Life Expectancies Lower Than 40 Years in African Countries Hardest Hit by HIV/AIDS, UNDP Report Says
The HIV/AIDS pandemic continues to contribute to lowered life expectancies around the world, particularly in sub-Saharan African nations, according to a report issued Thursday by the United Nations Development Programme, BBC News reports (BBC News, 7/15). The Human Development Report 2004 measures human development levels in 175 countries, as well as Hong Kong and the Occupied Palestinian Territories (Xinhua News, 7/15). The report is based on data from 2002, according to the Baltimore Sun (Baltimore Sun, 7/16). It includes the Human Development Index, which examines life expectancy, infant mortality, education levels and income levels to create a "fuller picture" of a country's development, according to the Los Angeles Times. The report says that life expectancy in seven African countries is below age 40, demonstrating a "dramatic reversal" in the continent's development because of HIV/AIDS, according to the Times (Farley, Los Angeles Times, 7/16). For example, Malawi and Mozambique have life expectancies of 40 years because of high HIV prevalence. In addition, Zambia -- which has a 17% HIV prevalence rate -- has a life expectancy of 32 years, London's Independent reports (Davies, Independent, 7/16). Norway ranks first and the United States ranks eighth on the Human Development Index -- down one place from the 2003 report -- according to the Times. The report shows that as developed countries moved forward, their contributions to other countries decreased, increasing the gap between the "successful and the struggling," the Times reports. The report says, "The picture that emerges is increasingly one of two very different groups of countries: those that have benefited from development and those that have been left behind" (Los Angeles Times, 7/16).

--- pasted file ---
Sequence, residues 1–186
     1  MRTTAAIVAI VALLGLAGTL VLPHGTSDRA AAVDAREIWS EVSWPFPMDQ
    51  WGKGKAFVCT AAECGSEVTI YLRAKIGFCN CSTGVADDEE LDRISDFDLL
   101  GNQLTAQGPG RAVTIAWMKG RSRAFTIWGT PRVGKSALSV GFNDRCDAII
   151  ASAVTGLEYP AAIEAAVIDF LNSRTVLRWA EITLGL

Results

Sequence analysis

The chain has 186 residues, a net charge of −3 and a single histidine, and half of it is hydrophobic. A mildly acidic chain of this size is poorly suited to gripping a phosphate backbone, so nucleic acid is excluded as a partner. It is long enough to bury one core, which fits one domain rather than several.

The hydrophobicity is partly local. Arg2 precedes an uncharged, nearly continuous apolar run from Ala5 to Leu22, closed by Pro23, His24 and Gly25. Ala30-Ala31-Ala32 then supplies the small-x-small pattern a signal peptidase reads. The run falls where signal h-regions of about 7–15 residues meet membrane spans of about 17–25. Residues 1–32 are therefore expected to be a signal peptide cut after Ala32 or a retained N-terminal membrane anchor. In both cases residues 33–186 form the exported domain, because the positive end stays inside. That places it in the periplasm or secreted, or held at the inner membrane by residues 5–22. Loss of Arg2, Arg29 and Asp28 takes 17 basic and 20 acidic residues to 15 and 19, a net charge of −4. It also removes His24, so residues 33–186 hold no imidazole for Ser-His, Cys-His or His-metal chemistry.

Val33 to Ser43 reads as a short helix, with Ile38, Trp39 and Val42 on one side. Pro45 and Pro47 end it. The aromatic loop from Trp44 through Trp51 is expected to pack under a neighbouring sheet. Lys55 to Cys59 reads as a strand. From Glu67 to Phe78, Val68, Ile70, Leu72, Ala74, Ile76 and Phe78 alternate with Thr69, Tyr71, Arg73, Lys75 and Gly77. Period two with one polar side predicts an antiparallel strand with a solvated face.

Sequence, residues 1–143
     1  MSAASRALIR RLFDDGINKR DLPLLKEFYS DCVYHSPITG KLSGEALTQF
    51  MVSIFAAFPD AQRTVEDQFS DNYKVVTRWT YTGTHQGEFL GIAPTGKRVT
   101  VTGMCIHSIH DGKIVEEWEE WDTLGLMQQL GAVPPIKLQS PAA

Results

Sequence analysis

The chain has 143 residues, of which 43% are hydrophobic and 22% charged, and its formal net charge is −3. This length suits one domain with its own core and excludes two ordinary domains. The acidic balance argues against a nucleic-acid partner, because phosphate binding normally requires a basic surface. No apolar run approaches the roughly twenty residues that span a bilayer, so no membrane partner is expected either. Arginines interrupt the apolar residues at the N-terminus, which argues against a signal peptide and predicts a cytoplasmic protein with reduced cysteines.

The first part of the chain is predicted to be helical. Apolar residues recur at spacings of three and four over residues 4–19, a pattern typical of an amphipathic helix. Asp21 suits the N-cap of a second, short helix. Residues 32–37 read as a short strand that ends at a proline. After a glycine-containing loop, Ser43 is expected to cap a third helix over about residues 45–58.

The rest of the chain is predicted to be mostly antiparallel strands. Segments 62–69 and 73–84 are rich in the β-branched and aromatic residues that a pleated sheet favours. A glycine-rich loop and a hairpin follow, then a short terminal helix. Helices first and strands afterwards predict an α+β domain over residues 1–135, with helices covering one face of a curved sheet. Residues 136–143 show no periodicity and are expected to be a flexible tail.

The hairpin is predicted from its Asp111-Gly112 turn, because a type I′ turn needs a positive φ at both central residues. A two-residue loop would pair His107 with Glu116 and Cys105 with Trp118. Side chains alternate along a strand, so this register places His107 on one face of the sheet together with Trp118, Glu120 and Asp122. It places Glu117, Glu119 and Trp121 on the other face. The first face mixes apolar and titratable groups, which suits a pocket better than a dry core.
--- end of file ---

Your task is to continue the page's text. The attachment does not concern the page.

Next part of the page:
UNDP Administrator Mark Malloch Brown said that the AIDS crisis "cripples states at all levels, because the disease attacks people in their most productive years," adding, "It tears apart the foundation of everything, from public administration and health care to family structures." Sakiko Fukada-Parr, lead author of the report, said, "AIDS is currently presenting a very basic problem in human development. But other countries, like Senegal and Brazil, have achieved partial success in fighting the disease, due to easily accessible medicine and all elements of the countries getting involved" (Independent, 7/16). Elizabeth Lwanga, deputy director of the UNDP Africa bureau, said that in the seven African countries -- Central African Republic, Lesotho, Mozambique, Swaziland, Malawi, Zambia and Zimbabwe -- with life expectancies below 40 years, AIDS "is reversing the hard-won development gains of recent decades" (Los Angeles Times, 7/16). She added, "We need an unprecedented response to this crisis, which is taking a devastating toll on our communities" (Independent, 7/16).